Ugolino’s career was marked by continuous switching back and forth of party allegiance. Originally Ghibelline, Ugolino was exiled from Ghibelline Pisa in 1275. He returned with the help of Florentine Guelphs. In 1284 he became podestà of Pisa. To protect Pisa from Guelph threats he negotiated with Florence and Lucca and ceded three castles to them, an incident that Dante notes in ambiguous fashion:
Che se ’l conte Ugolino aveva voce d’aver tradita te de le castella, non dovei tu i figliuoi porre a tal croce. (Inf. 33.85-7)
For if Count Ugolino was reputed to have betrayed your fortresses, there was no need to have his sons endure such torment.
 In 1285 Ugolino’s grandson, Guelph Nino Visconti, was called to share the office of chief magistrate with his Ghibelline grandfather. However, as well summarized by Guy Raffa, Ugolino apparently “connived with the Pisan Ghibellines, led by the Archbishop Ruggieri degli Ubaldini; Ugolino agreed to Ghibelline demands that his grandson Nino be driven from the city, an order that was carried out — with Ugolino purposefully absent from the city — in 1288”. The Archbishop then turned on his co-conspirator: “upon Ugolino’s return to Pisa, Ruggieri incited the public against him (by cleverly exploiting Ugolino’s previous ‘betrayal of the castles’) and had the count — along with two sons (Gaddo and Uguiccione) and two grandsons (Anselmo and Brigata) — arrested and imprisoned”(http://danteworlds.laits.utexas.edu/circle9.html#ugolino).
 We cannot be entirely sure which particular perfidious action Dante has in mind. Nassime Chida, the author of “Kinship and Local Power in Dante’s Inferno” (Columbia U. dissertation, 2019), and an expert on the historical circumstances that inform the Commedia (see Chida’s Digital Dante tabulation of divergences between leading biographers of Dante) has studied Ugolino and reviewed all the historical literature. She elegantly clarifies the murkiness of the situation:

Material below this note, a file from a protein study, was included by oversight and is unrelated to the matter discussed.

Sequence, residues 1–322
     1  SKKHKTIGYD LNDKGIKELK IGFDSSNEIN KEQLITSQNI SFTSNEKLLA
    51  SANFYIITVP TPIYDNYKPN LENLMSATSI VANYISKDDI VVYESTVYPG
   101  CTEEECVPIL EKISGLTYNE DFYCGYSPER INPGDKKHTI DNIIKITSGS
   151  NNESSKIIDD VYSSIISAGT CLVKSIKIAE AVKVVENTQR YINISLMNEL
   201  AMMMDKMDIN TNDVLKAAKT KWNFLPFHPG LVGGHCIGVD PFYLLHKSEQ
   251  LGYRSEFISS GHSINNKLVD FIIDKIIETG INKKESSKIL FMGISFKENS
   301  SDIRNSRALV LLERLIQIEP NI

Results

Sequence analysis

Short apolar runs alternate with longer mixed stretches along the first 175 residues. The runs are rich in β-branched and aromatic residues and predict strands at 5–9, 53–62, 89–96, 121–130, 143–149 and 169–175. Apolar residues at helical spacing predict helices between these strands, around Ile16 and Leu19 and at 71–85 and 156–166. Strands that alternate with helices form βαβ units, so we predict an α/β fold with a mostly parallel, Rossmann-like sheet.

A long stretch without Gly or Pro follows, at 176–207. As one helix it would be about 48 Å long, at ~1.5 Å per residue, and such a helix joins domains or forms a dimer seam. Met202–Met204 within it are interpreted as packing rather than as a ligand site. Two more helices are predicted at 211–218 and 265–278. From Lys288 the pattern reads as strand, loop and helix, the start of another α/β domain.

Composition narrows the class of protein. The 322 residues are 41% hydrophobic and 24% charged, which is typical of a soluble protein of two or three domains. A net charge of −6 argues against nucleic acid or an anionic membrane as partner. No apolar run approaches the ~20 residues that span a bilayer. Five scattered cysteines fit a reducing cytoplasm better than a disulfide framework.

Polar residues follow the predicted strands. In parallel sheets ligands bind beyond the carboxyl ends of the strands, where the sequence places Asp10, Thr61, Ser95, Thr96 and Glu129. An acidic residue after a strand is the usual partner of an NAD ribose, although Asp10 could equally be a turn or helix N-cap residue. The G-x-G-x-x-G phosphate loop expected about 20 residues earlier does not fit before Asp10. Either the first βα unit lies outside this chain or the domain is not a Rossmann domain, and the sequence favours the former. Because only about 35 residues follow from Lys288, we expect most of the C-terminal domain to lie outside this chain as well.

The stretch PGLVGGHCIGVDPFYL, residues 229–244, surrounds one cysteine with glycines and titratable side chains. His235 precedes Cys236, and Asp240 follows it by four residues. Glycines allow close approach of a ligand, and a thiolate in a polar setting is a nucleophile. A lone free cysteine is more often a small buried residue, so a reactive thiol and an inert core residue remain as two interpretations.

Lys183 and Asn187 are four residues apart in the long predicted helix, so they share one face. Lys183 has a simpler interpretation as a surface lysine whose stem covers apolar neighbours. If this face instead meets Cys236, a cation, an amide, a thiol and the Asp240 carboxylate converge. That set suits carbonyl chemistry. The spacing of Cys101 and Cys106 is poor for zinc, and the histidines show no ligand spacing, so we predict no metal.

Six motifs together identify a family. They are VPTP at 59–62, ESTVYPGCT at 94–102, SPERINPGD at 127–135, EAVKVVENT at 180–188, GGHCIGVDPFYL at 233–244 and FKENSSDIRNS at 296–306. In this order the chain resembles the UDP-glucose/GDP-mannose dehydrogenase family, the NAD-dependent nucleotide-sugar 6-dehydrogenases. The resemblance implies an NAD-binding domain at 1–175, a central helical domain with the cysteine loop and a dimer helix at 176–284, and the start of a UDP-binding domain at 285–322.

The sin that puts Ugolino in Antenora is not specified by Dante; this may or may not be because his sin was obvious to contemporary readers, for the early commentators do not all agree on what the sin might be. Ugolino was more of a diplomat than a warrior and his achievements can easily be construed as betrayals: for example the ceding of the castles, a gesture designed to break the alliance between Pisa’s enemies, was in fact a successful act of diplomacy. In other cases, his “betrayal” may seem much more obvious to modern readers if not contemporaries, for example when he went to war against the city of Pisa as head of a group of noble “fuoriusciti” and won (like Farinata). Finally: would his “conversion” to the parte guelfa be considered a political betrayal? It is not clear.
According to all the historical accounts I have read, including relatively recent research (Il conte Ugolino della Gherardesca tra antropologia e storia, ed. Francesco Mallegni and Maria Luisa Lemut, Pisa 2003), Ugolino cannot be said to have “led” the Pisan forces, although he did participate in the battle. However he was later and often blamed for the defeat, considered to be the start of Pisa’s permanent decline. Furthermore, Ugolino was elected because of this defeat, not in spite of it, precisely because the election of a known Guelph would appease Pisa’s Guelph enemies and provide a suitable interlocutor with whom they could negotiate the terms of peace.
There was a rift between Ugolino and Nino, because supporters of the Gherardesca faction and the Visconti faction seem to have come to blows. However the reasons for the rift, to my knowledge, cannot be established for sure since we lack the testimony of the parties involved. It could be because of the ceded castles, but it could also be because of the failed negotiations involving the return of Pisa’s prisoners of war, held captive in Genoa, who happened to include Ugolino’s eldest son. As for his responsibility for Nino’s expulsion from the city, while all the historians I have read do suspect it, and such an expulsion would have been difficult or impossible without Ugolino’s complicity, the details are also difficult to confirm. Nino Visconti in any case did not hold it against Ugolino, whom he tried unsuccessfully to rescue after his downfall. The toppling of the regime of the due signori (Ugolino and Nino) was a Ghibelline coup and it involved the manipulation of the Pisan crowds. (Nassime Chida, email communication to Teodolinda Barolini, dated 11/16/2015)